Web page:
The federal government, through the Food and Drug Administration, is proposing new rules to require farmers and businesses to do more when it comes to food safety. Of special concern are foods eaten raw, such as leafy green vegetables, melons, berries and peanuts. The aim of regulators is to reduce the illnesses and deaths from food-borne disease, such as listeria and salmonella.
Major food companies may be on board. They see the possibility of a public-private partnership to boost safety. That's good.
Of course, the major food companies already have an incentive to produce safe food: the?billions of dollars in revenue that come from being a reputable supplier to millions of Americans. These companies already are doing more than required to ensure food safety.
Where's the problem, then? With the exceptions to the rule. Namely, the careless few smaller operations that do not maintain clean processing facilities. Under the FDA's plan, every farmer and food manufacturer will be required to take new steps, such as making sure workers' hands are washed, that irrigation water is clean and that food safety plans are on file.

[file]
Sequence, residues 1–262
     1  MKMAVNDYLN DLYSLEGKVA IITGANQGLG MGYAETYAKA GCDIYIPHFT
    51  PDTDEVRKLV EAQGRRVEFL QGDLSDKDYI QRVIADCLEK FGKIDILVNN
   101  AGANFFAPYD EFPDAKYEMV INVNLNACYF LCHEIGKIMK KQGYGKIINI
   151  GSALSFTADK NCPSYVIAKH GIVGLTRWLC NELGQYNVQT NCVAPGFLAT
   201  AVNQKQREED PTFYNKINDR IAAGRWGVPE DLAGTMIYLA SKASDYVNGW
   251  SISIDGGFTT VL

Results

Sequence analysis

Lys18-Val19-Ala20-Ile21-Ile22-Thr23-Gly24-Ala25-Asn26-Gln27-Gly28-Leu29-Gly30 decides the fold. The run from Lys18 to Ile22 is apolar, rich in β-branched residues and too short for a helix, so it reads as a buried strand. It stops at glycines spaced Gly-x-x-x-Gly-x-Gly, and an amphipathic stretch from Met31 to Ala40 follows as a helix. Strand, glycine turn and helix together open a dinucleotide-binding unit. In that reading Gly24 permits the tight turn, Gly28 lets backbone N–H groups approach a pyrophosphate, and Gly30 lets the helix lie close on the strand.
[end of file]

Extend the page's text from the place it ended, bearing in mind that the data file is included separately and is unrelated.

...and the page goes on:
That all sounds great. But creating a rule or law ensures nothing. The government has inspected meat for a hundred years. If the government is so adept, there would not be meat-borne illnesses. Of course, there still are.
Yes, ultimately the goal is to reduce as many illnesses as possible. We still believe marketing by safe suppliers is the best answer. ("Buy our produce - It's the safest!) And consumers can be educated to take steps to remain safe. Finally, a public-private partnership to educate growers and suppliers can help, with the safest suppliers having an interest in protecting their industry by educating the unsafe ones.